Image: Building More Stately Mansions. By Jacob Lawrence. 1944. Oil on Canvas, Fisk University Libraries, Nashville TN.
IMPORTANT SCHEDULE NOTE: Class meets next Monday (10/3) but does not meet on Wednesday (10/5) for Yom Kippur
The 13th annual Black Panther Party Film Festival is at Harlem’s Maysles Cinema the next 2 weekends. There are usually appearances by several former BPP members. Details here.
Lehman’s Office of Prestigious Awards is hosting an event with a tour of enslaved Africans’ quarters @ Van Cortlandt Park and spoken word presentation on Friday September 30. Reserve your spot/details here
Quick highlights from week 5 classes
- Reviewed Chapter 3 from Introduction to Black Studies
- See the Lecture Notes page for a PDF of the slide deck presented in class
- Musical selection: Pharaoh Sanders’s “Upper Egypt and Lower Egypt.”
What to do for Week 5–March 3:
- Read: the first half of Chapter 4 (Africans in America) in Maulana Karenga’s Introduction to Black Studies (Sections 4.1-4.9 only; pages 105-147: up to “Black Science and Invention”
- Pay special attention to the subsections on The Holocaust of Enslavement, System of Enslavement, Reconstruction, Booker T. Washington, WEB DuBois, Marcus Garvey, Ida B. Wells
- Pay special attention to Critical Thinking questions 1 and 3 on p. 185, especially the comparisons between the people named above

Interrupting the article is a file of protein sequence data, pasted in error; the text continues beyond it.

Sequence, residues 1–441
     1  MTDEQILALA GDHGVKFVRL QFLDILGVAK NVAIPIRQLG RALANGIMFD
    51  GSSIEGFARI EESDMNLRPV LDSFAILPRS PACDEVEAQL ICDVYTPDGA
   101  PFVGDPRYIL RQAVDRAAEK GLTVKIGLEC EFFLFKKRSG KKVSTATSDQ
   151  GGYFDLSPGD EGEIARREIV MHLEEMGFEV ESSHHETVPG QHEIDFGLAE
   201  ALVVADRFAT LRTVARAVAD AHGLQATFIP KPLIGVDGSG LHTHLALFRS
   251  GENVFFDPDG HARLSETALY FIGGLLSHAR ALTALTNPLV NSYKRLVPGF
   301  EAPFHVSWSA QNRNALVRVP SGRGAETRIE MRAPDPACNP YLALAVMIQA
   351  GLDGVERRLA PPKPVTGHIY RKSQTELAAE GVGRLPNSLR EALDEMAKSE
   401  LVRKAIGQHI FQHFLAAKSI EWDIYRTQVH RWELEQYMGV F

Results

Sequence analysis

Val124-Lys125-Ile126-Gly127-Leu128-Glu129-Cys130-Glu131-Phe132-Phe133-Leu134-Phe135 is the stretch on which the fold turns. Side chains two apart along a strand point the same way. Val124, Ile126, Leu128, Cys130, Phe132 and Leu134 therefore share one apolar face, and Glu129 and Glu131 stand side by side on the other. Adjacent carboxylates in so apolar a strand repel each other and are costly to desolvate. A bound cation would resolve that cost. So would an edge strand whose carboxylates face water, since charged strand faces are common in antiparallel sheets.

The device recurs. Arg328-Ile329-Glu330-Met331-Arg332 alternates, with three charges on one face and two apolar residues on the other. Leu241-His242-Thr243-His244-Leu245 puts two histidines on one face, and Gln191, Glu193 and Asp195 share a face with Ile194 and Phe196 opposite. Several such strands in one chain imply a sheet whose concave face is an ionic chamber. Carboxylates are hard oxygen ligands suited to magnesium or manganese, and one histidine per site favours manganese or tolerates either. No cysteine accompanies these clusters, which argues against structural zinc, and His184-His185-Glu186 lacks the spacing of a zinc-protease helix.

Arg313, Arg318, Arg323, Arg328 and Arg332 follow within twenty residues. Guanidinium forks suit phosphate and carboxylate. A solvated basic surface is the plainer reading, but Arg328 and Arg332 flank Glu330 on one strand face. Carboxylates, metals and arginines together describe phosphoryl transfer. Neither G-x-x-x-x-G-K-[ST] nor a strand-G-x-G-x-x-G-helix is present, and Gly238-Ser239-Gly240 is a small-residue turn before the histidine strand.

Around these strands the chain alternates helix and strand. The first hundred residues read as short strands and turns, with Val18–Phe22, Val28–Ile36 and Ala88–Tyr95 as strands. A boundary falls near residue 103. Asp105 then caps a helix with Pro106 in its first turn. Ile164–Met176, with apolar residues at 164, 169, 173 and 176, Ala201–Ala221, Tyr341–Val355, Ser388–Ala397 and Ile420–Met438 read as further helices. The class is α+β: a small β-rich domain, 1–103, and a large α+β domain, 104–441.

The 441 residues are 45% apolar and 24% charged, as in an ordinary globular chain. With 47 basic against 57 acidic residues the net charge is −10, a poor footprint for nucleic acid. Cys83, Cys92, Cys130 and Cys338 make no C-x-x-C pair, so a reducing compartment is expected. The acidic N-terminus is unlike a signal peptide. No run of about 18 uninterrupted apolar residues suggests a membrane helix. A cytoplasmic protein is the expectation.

ATTEND class on Monday
General reading strategies:
- Underline/highlight key points in the text
- Use the reading questions at the back of chapters to focus you: read those first
- Try to understand the definitions of the key concepts listed at the back of the chapter
- Make a note to ask the instructor to clarify anything you don’t understand
- Note key issues, approaches, and dilemmas/challenges Dr. Karenga outlines
Key points to understand
- How does Dr. Karenga think we should approach the study/understanding of history?
- How does the defeat of Reconstruction shape the lives of Black people in the US?
- What forms of resistance do Black people in the US engage in?
- What organizations do Black people form for advancement and resistance?
- What differences and similarities do you see between DuBois, Washington, Garvey, and Wells-Barnett?
Chapter 4, second half in Introduction to Black Studies: “Black History: Africans in America”